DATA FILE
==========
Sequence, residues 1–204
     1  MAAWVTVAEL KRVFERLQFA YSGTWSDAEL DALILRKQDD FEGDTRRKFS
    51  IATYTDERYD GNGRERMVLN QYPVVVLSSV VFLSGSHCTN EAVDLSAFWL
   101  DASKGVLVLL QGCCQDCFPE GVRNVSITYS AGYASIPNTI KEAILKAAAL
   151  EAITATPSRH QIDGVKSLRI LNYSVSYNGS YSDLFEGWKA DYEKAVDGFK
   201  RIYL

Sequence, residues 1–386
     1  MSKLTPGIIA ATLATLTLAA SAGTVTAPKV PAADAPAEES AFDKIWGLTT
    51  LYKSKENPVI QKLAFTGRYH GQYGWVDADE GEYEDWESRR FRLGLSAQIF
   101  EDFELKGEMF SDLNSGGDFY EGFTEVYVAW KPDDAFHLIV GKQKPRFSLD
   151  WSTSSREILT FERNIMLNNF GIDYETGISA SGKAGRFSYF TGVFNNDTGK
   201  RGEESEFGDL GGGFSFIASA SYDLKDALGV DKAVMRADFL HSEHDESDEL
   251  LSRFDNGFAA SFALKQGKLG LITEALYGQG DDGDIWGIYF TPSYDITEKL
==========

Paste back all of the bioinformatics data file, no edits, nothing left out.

Sequence, residues 1–204
     1  MAAWVTVAEL KRVFERLQFA YSGTWSDAEL DALILRKQDD FEGDTRRKFS
    51  IATYTDERYD GNGRERMVLN QYPVVVLSSV VFLSGSHCTN EAVDLSAFWL
   101  DASKGVLVLL QGCCQDCFPE GVRNVSITYS AGYASIPNTI KEAILKAAAL
   151  EAITATPSRH QIDGVKSLRI LNYSVSYNGS YSDLFEGWKA DYEKAVDGFK
   201  RIYL

Sequence, residues 1–386
     1  MSKLTPGIIA ATLATLTLAA SAGTVTAPKV PAADAPAEES AFDKIWGLTT
    51  LYKSKENPVI QKLAFTGRYH GQYGWVDADE GEYEDWESRR FRLGLSAQIF
   101  EDFELKGEMF SDLNSGGDFY EGFTEVYVAW KPDDAFHLIV GKQKPRFSLD
   151  WSTSSREILT FERNIMLNNF GIDYETGISA SGKAGRFSYF TGVFNNDTGK
   201  RGEESEFGDL GGGFSFIASA SYDLKDALGV DKAVMRADFL HSEHDESDEL
   251  LSRFDNGFAA SFALKQGKLG LITEALYGQG DDGDIWGIYF TPSYDITEKL